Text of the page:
CSDS chatted with Laura Owens, the nursing lead for Queensland Trauma Education about what makes the course so successful.
Tell us about yourself
My name is Laura, I am currently the nursing lead for Queensland Trauma Education, but my usual position is the Nurse Educator for the RBWH Emergency and Trauma Centre where I have worked for the past 10 years. I also work with teams across the RBWH as part of the Teamwork and Collaborative Training project to promote high performing teamwork, systems and safety. Prior to this I worked pre-hospital as an advanced care paramedic.
I enjoy the variety and collaborative nature of work in the emergency setting and can’t imagine working anywhere else.
What is QTEC?
It is a project in collaboration with Clinical Skills Development Centre, Jamieson Trauma Institute and Clinical Excellence Queensland to address the inequity of trauma education across Queensland. Regardless of the centre clinicians work in, they will see trauma presentations. Queensland is very large, and statistically the burden of trauma is much greater outside of south-east Queensland, especially in rural and remote communities. This led to the development of a face-to-face interprofessional trauma course, open access educational resources (simulations as well as more case-based discussions and didactic teaching), instructional videos and soon online learning.
Why do you think QTEC has been so successful?
Definitely the flexibility of the content. It allows access to contemporary educational resources from some of the leaders in trauma care in Queensland who are passionate about sharing their knowledge and improving trauma care. The QTE Course and resources are specifically made to be interprofessional, encouraging training that reflects practice. Trauma care takes an army, a trauma patient is cared for by a large range of different clinicians who do diverse but complimentary roles and so it seems crazy that we don’t routinely train together and share knowledge. I’ve talked to people across the state with wildly different backgrounds and skills who all respond to the same patients, and our training should reflect this so that collectively we understand each other’s perspectives, share goals, practice and have robust discussions about our care.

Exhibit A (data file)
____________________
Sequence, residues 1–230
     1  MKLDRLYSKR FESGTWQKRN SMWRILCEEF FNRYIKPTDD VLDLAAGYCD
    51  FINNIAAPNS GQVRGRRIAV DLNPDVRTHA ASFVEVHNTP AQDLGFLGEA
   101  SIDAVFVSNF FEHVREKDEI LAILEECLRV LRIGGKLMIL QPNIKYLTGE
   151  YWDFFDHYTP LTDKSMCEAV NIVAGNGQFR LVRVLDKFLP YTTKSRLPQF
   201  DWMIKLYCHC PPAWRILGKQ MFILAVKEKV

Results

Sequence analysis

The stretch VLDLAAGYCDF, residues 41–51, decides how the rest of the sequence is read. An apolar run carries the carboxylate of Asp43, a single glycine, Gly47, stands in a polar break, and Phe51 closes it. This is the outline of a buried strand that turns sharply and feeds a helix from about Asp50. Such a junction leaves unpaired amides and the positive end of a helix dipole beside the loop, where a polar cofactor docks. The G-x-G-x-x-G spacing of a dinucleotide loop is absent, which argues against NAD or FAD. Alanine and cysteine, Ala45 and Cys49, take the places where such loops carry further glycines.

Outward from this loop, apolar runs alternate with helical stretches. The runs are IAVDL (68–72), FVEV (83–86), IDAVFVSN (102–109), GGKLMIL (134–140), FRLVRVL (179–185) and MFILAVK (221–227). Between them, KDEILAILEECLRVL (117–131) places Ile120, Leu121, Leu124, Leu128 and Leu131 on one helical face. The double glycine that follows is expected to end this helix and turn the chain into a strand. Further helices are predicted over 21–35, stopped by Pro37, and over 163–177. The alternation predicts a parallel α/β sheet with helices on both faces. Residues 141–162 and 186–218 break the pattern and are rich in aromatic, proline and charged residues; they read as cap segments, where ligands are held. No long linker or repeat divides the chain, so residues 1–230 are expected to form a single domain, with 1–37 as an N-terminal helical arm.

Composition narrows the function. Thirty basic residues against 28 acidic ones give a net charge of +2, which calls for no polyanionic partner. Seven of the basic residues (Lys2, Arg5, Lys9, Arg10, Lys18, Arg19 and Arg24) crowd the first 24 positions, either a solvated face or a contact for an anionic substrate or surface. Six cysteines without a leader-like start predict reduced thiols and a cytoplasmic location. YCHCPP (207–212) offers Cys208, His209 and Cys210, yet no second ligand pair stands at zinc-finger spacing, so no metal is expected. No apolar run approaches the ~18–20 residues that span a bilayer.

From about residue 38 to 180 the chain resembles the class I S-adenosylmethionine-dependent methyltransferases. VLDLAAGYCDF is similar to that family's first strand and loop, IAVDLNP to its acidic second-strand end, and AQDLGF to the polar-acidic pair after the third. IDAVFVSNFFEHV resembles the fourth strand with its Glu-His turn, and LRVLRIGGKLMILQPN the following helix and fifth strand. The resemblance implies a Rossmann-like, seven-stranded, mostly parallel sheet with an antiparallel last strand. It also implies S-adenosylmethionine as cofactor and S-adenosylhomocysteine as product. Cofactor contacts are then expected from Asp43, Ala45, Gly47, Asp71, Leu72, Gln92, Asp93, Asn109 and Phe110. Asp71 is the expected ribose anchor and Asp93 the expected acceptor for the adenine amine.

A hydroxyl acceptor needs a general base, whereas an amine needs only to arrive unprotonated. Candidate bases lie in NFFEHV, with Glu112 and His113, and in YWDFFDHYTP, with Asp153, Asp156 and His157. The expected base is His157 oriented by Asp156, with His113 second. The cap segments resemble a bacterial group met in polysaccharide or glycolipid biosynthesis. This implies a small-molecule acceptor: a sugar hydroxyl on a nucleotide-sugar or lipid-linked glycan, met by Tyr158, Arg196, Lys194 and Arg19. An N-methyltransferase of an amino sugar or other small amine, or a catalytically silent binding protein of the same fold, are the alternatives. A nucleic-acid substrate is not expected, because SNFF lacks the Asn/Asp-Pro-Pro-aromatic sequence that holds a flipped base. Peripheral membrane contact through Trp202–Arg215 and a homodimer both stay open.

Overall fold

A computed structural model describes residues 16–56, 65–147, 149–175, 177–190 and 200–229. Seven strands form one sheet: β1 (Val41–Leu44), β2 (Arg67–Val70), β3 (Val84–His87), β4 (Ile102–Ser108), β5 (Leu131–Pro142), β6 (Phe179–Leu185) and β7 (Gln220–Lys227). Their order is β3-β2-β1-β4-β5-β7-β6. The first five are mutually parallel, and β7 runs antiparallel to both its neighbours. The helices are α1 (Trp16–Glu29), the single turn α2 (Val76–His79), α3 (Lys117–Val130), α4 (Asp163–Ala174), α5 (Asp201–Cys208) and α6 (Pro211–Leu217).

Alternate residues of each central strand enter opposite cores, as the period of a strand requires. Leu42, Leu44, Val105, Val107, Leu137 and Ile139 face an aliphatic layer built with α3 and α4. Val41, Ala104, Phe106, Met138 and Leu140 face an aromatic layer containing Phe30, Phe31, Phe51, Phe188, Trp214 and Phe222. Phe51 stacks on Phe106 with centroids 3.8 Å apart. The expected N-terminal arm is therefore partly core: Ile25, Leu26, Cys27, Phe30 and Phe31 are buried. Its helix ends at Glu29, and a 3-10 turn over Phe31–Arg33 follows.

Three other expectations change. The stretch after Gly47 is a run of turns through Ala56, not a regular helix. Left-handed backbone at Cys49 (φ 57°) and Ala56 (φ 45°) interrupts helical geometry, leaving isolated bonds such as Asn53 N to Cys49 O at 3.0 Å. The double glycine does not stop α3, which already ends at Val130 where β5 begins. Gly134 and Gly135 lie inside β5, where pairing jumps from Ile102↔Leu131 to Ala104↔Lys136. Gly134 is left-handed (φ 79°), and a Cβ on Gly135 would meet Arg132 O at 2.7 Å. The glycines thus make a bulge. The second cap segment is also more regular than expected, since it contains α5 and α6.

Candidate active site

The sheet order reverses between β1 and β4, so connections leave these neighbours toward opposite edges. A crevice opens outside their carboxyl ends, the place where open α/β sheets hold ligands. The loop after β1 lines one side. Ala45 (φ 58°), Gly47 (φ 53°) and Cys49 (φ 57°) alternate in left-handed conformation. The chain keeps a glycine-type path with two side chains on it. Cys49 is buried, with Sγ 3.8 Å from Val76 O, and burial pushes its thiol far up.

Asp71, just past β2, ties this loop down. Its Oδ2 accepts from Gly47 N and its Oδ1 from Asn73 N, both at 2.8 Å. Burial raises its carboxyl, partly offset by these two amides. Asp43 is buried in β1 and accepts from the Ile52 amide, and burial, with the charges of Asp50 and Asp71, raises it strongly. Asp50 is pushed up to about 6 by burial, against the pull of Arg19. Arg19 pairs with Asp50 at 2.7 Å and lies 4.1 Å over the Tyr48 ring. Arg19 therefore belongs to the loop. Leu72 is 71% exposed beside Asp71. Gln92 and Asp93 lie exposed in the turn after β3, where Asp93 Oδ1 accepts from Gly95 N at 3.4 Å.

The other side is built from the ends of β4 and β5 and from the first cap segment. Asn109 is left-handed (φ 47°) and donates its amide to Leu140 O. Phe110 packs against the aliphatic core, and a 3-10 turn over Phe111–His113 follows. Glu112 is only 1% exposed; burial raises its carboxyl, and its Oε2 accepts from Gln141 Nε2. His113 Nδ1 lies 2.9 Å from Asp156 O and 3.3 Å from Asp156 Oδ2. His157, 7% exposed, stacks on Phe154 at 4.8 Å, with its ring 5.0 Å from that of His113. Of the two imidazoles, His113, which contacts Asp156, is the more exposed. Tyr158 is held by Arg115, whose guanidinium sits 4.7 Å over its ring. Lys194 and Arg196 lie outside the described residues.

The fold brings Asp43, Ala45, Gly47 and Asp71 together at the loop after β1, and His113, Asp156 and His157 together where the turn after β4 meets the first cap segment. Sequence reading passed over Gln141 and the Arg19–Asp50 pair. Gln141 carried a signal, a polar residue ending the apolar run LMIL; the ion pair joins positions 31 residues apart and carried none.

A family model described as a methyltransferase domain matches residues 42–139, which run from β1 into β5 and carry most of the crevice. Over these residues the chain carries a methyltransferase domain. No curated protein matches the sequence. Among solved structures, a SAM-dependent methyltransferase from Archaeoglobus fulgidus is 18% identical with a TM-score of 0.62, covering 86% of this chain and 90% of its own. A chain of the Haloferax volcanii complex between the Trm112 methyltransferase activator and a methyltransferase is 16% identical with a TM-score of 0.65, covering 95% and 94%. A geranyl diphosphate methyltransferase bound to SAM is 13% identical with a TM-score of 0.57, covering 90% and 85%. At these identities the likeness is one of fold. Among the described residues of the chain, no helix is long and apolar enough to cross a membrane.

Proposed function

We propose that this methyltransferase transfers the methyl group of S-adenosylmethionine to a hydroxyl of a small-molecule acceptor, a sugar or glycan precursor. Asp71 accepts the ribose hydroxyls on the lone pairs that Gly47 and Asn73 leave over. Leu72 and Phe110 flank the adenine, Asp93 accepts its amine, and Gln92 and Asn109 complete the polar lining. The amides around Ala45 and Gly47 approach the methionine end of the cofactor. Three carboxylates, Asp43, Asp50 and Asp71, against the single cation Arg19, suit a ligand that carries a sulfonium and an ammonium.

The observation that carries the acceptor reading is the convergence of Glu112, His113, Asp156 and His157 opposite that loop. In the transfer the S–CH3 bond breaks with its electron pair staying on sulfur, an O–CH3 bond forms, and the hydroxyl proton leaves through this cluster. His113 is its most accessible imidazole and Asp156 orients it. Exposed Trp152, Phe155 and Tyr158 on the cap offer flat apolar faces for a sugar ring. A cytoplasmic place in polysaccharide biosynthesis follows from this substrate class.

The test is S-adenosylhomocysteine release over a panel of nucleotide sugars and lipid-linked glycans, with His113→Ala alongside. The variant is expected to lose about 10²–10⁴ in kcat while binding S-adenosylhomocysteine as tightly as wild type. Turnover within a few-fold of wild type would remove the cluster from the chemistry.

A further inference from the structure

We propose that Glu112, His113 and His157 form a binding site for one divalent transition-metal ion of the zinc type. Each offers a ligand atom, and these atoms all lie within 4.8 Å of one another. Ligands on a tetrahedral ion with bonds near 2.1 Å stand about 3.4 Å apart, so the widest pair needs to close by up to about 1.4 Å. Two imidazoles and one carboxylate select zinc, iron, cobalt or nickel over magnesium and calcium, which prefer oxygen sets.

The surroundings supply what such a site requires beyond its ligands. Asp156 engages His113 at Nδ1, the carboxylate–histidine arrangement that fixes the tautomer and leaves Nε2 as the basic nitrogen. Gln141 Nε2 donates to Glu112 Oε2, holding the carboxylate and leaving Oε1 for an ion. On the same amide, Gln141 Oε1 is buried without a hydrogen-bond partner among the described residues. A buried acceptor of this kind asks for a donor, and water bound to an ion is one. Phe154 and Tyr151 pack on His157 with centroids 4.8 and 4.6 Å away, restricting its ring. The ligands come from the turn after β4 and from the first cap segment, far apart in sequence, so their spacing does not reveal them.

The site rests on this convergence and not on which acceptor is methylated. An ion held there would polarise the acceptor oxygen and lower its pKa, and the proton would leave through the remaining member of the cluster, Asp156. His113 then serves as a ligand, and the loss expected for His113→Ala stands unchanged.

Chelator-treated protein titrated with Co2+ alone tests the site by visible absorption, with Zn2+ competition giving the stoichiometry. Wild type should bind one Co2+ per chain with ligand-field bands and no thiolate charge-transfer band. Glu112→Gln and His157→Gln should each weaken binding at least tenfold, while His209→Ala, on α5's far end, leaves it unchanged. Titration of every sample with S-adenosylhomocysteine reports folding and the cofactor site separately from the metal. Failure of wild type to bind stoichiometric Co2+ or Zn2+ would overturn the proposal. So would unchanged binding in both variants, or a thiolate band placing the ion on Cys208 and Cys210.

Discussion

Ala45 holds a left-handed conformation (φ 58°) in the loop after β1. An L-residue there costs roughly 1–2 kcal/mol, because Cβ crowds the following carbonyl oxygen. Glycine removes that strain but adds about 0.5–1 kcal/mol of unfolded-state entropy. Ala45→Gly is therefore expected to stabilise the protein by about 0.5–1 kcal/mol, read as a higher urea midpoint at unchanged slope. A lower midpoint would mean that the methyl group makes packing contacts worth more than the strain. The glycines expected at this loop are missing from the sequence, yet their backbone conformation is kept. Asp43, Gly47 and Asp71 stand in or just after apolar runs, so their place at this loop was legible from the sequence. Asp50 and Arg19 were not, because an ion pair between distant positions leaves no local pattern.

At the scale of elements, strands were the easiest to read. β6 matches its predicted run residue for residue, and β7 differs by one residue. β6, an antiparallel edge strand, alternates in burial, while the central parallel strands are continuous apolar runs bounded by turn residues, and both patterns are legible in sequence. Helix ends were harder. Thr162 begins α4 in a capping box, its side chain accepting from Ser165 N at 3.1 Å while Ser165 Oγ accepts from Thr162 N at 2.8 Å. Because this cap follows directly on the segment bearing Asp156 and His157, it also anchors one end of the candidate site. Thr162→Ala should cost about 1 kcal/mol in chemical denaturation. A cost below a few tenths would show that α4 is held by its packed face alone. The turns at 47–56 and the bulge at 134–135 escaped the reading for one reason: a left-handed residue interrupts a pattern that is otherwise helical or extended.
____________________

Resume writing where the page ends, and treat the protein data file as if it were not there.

Please share a couple of fun facts about yourself
I play in a band, and I worked a snow season in New Zealand as part of a medical rescue team and am an average snowboarder.
I love spending my days at home with my babies, Honey and Freya (dogs) and Thea (a cat who thinks she is a dog).
I’m part of a long line of nurses, and always thought I wouldn’t become a nurse. My mum is also a nurse at the RBWH.
To read more about the Queensland Trauma Education Course (QTEC), please visit the QTE Website.
Do you have ideas or requests for improving healthcare through training, collaboration and innovation? Reach out to the CSDS team via the CSDS Idea and Request Form.